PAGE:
Unit 2 - The Environment Importance of Forests

Lesson 9: Forests Affect Climate

You probably have heard about the greenhouse effect. The carbon dioxide in the earth's atmosphere acts like the panes of glass of a greenhouse, keeping the heat inside.

The more carbon dioxide in the atmosphere, the greater the greenhouse effect. The greater the greenhouse effect, the warmer the air becomes.

To some extent, the greenhouse effect is necessary for the survival of plants and animals. If there were no greenhouse gases such as carbon dioxide, there would be no greenhouse effect. Without the greenhouse effect, all of the warmth from the sun would radiate back into space and the earth would be a very cold, inhospitable planet. However, since the Industrial Revolution, increased burning of fossil fuels and destruction of the world's forests has resulted in increased levels of carbon dioxide in the atmosphere.

As mentioned earlier, trees remove carbon dioxide from the air and incorporate carbon into their living tissues.

This carbon will only be released if the tree is burned or if it falls to the ground and decays.

As such, forest ecosystems store large amounts of carbon, hence the reason why forests are often referred to as carbon "sinks".

The diagram, to the left,  shows how trees can act as "carbon sinks".

However, despite the fact that the world's trees remove huge amounts of carbon dioxide from our air, they can no longer keep pace with the enormous amounts of carbon dioxide entering the atmosphere. That is, carbon is being released into the air faster than it can be stored by trees. The consequence of this build-up of carbon dioxide in the atmosphere is a slow but steady increase in global temperatures — a situation that could have disastrous effects for the environment.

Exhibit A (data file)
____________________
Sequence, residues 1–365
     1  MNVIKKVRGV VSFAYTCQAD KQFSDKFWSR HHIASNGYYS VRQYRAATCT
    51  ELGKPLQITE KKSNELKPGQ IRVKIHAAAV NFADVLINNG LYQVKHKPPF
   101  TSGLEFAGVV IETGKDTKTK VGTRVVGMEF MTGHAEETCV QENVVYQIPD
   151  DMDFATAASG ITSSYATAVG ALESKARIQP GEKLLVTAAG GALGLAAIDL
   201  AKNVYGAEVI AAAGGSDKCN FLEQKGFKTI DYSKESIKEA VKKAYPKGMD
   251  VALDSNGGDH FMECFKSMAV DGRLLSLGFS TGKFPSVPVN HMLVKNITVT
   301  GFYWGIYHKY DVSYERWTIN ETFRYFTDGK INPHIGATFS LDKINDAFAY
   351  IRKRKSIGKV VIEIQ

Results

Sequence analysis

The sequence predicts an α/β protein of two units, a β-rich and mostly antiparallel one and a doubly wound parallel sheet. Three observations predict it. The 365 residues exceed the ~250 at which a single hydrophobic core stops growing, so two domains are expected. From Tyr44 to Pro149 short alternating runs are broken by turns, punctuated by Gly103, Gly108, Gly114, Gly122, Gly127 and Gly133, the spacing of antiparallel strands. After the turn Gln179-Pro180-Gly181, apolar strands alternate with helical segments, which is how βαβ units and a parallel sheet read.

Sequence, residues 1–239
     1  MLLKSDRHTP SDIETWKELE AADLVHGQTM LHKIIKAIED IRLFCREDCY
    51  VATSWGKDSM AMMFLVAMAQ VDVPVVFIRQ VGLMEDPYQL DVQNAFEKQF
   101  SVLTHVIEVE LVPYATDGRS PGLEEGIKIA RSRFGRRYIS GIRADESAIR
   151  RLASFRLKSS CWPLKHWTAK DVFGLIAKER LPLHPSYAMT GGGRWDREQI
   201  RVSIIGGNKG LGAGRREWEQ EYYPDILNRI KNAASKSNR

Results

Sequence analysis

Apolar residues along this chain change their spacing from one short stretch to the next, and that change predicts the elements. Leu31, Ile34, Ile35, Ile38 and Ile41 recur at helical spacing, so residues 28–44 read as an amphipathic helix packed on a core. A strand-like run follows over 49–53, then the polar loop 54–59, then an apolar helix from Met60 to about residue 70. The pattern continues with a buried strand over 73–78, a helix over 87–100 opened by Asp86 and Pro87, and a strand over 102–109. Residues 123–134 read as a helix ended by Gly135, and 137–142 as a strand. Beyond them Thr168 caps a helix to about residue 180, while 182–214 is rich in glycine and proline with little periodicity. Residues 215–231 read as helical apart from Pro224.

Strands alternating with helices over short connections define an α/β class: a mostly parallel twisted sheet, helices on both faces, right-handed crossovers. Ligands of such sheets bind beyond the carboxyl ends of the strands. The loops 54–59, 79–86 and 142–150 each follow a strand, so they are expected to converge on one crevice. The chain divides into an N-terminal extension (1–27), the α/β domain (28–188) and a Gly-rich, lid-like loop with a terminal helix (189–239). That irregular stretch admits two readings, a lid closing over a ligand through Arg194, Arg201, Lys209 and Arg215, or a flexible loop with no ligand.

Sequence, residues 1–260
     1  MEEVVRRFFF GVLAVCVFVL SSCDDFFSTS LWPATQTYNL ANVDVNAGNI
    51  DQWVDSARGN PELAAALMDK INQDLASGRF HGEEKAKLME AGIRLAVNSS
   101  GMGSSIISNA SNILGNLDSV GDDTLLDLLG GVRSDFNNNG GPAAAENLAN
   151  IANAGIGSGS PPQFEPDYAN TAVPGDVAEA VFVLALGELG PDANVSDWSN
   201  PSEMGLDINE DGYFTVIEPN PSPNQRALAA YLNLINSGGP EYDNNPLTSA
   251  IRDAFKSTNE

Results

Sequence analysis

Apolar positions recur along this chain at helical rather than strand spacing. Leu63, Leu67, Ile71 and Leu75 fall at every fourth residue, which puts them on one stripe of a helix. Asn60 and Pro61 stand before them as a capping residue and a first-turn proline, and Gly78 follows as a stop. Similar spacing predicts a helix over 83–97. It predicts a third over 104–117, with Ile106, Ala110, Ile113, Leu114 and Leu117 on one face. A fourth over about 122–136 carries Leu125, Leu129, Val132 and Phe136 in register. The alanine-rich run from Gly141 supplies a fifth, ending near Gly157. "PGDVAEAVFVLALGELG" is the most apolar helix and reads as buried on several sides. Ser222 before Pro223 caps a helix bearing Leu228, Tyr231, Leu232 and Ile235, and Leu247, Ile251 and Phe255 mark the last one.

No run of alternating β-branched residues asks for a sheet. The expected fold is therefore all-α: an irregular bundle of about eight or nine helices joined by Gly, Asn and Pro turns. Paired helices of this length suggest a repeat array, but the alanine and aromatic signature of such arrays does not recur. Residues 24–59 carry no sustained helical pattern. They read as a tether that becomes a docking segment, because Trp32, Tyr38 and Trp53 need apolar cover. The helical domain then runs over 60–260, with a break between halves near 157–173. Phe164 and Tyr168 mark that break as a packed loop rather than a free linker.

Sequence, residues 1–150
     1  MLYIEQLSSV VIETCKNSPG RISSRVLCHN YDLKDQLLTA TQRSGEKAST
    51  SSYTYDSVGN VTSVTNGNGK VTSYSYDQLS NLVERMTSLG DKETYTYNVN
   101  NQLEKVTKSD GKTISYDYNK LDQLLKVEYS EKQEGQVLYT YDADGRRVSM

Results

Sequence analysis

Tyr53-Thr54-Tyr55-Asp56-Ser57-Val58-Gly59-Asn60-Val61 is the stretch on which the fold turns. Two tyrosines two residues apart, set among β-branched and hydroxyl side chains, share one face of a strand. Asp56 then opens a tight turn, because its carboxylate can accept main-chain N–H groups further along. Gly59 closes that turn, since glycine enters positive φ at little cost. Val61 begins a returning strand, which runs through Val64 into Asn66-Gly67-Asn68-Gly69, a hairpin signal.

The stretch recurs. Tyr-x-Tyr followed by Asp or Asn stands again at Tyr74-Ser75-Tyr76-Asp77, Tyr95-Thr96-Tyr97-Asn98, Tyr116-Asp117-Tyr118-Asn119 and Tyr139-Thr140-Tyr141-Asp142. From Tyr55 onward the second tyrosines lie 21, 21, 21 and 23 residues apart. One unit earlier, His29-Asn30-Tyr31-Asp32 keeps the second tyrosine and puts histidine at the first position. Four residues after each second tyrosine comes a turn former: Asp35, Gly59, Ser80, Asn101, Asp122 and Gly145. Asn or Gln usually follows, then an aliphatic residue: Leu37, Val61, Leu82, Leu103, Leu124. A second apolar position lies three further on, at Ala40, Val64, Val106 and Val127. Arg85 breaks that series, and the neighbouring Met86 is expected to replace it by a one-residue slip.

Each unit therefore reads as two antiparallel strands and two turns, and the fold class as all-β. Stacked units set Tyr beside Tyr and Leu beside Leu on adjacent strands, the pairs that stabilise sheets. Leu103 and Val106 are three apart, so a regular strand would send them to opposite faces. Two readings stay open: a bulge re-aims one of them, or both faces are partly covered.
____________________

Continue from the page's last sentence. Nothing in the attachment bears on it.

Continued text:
In particular, the boreal forest plays a critical role in regulating the earth's climate. The thick layers of moss, soil, and peat of the boreal forest make up the world's largest storehouse of organic carbon. In fact, per unit area, the boreal forest stores twice as much carbon as tropical forests. On the following page you will learn about the importance of the Boreal Forest.

Besides preventing global warming by absorbing carbon dioxide from the atmosphere, forests can also affect our climate in other ways.  For example, the world's climate is greatly influenced by tropical rain forests.  Through the process of transpiration, the trees of the rain forests give off an enormous amount of water vapour.  This water vapour not only falls elsewhere in the world as precipitation, but it also keeps the air temperature at the equator lower than it might otherwise be.  Trees also lend shade, which keeps soil temperatures cooler.

Dr. Werner Kurz discusses how Canada's forests contribute to the overall carbon balance and explains how forest management and the use of forest products can promote carbon sequestration.
  Click on the Boreal Forest picture to the right to watch Dr. Kurz's video.